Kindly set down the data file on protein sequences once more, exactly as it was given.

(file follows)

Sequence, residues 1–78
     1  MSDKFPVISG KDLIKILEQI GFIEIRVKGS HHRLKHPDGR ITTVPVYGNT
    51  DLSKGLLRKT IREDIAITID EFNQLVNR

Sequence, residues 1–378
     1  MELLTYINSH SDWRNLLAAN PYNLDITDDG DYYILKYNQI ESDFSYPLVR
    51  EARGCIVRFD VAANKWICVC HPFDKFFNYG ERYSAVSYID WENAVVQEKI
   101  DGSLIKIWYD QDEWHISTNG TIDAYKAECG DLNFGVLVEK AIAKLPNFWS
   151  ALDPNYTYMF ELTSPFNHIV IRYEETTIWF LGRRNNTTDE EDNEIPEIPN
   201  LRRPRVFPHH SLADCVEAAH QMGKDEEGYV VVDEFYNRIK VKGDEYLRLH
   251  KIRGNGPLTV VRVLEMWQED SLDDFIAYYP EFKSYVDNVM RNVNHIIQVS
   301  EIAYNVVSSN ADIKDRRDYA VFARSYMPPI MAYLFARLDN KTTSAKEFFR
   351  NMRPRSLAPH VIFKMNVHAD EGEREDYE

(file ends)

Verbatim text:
Sequence, residues 1–78
     1  MSDKFPVISG KDLIKILEQI GFIEIRVKGS HHRLKHPDGR ITTVPVYGNT
    51  DLSKGLLRKT IREDIAITID EFNQLVNR

Sequence, residues 1–378
     1  MELLTYINSH SDWRNLLAAN PYNLDITDDG DYYILKYNQI ESDFSYPLVR
    51  EARGCIVRFD VAANKWICVC HPFDKFFNYG ERYSAVSYID WENAVVQEKI
   101  DGSLIKIWYD QDEWHISTNG TIDAYKAECG DLNFGVLVEK AIAKLPNFWS
   151  ALDPNYTYMF ELTSPFNHIV IRYEETTIWF LGRRNNTTDE EDNEIPEIPN
   201  LRRPRVFPHH SLADCVEAAH QMGKDEEGYV VVDEFYNRIK VKGDEYLRLH
   251  KIRGNGPLTV VRVLEMWQED SLDDFIAYYP EFKSYVDNVM RNVNHIIQVS
   301  EIAYNVVSSN ADIKDRRDYA VFARSYMPPI MAYLFARLDN KTTSAKEFFR
   351  NMRPRSLAPH VIFKMNVHAD EGEREDYE